Given this, it seems pretty likely that that case, making the line unable to use that subway, was what did it in so early (and why it never made it to Portage.)
Of course, looking carefully, the fragment shows the trolley in the 2nd of 3 tunnels at the left. So. Yeah. I guess his map is right!
Last little bits: Since you still wonder about it on the page, I can identify the locations of all 4 pictures.
The two in the portage cut are one end of the line. The other two are in the same spot on Maple Avenue, at the other end of the line, what appears to be at Grant St.
We’re looking up the hill, northeastward out of South Fork. The Line would have logically started where the Southern Cambria connected, which was via the bridge over the PRR, now gone, but shown in this aerial, and still standing when I was in high school, complete with what were probably the bents that held the trolley wire spanning the bridge still standing 60+ years after the Southern Cambria ceased service. On the right side of the street there’s a tailor, and another building behind it, further from us, right out against the street, but on the corner we can see in one of the pictures that the building is set a bit back. It matches Maple and Grant on this image which is 50 years later… but it’s not like there was a lot of reason for South Fork to turn over heavily.
Also, if you look at the image which shows the top of the hill, note that the track appears to move from the center, toward the left, but at the same time the street is narrower and on a shelf? The grade separation is visible in the aerial.
I’ll attach Sanborn 1916s for South Fork which came from sanborn.umi.com and thus can’t be distributed today; alas the Penn State library’s scans of originals only include 1910, and Library of Congress’s aren’t online, or those would be publishable.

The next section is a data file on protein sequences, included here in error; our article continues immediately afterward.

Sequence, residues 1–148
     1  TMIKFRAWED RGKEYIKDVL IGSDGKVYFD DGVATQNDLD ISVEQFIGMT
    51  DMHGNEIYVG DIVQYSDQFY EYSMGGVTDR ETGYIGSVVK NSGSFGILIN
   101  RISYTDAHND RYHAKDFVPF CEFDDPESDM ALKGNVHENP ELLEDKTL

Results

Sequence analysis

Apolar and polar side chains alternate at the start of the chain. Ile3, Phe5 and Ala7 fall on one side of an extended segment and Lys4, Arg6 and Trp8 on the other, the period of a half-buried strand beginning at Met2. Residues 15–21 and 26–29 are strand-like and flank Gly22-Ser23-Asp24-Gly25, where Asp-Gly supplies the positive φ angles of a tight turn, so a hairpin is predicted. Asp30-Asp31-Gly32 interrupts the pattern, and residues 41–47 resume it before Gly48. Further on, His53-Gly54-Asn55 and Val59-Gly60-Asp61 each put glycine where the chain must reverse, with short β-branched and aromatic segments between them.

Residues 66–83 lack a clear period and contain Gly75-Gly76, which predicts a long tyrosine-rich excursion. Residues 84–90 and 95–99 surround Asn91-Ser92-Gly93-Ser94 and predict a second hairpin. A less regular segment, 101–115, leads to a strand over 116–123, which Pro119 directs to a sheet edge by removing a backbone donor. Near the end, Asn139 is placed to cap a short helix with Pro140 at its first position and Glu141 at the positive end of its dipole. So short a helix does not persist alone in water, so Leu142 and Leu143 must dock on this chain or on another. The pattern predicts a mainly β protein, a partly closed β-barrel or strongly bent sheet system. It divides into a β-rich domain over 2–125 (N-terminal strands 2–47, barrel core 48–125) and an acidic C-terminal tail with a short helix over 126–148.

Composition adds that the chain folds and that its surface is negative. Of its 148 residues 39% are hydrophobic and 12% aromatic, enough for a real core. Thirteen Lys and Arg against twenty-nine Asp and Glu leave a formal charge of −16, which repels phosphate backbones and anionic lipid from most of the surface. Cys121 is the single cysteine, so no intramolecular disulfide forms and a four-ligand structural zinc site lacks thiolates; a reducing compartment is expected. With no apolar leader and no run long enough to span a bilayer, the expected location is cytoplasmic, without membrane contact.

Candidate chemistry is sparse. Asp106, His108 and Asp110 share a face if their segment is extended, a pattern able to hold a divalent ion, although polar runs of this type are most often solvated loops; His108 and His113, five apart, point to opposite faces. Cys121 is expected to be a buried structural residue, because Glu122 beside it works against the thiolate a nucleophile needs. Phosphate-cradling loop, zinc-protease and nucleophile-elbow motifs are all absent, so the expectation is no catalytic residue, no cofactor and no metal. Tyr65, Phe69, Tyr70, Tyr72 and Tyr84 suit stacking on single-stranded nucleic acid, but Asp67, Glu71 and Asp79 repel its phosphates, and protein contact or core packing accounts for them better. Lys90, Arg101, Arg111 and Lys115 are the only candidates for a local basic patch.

The other end was taken looking basically east, from a point slightly west of this:
The trolley line ran on the north of the Portage Railroad (which is now Portage St, route 53) through the cut which is mostly still there just to the west of this point. The railroad cars were on the track to the right — that is, south — of the line outbound from South Fork, and basically just behind the car from our vantage was the other car that never ran, and then the line would have turned slightly left, northeastward, to go through the subway that Cunningham and Uhler scolded them over.
I get it, I suppose. All 3 such subways look like this.
And the problem wasn’t even just that: staying along route 53 would have involved 3 such tunnels between here and Wilmore, and staying on the south side of the PRR here would have bypassed only two of those, leaving the line to need to still somehow get under the PRR and into the middle of Wilmore. Doable, but not cheap. Or they could have bypassed all 3, missed the center of Wilmore and showed up on the south side of the PRR in Portage, but presumably they hadn’t secured usage of any right of way to have let them do that, and they apparently had already used up all their funds getting done only what they did. So that story from 1915 was, realistically, the death of the line, in spite of the opening 2 years later. All I can guess is they hoped to make a good show of opening in the hopes they’d get more funds somehow, but the era of that was over.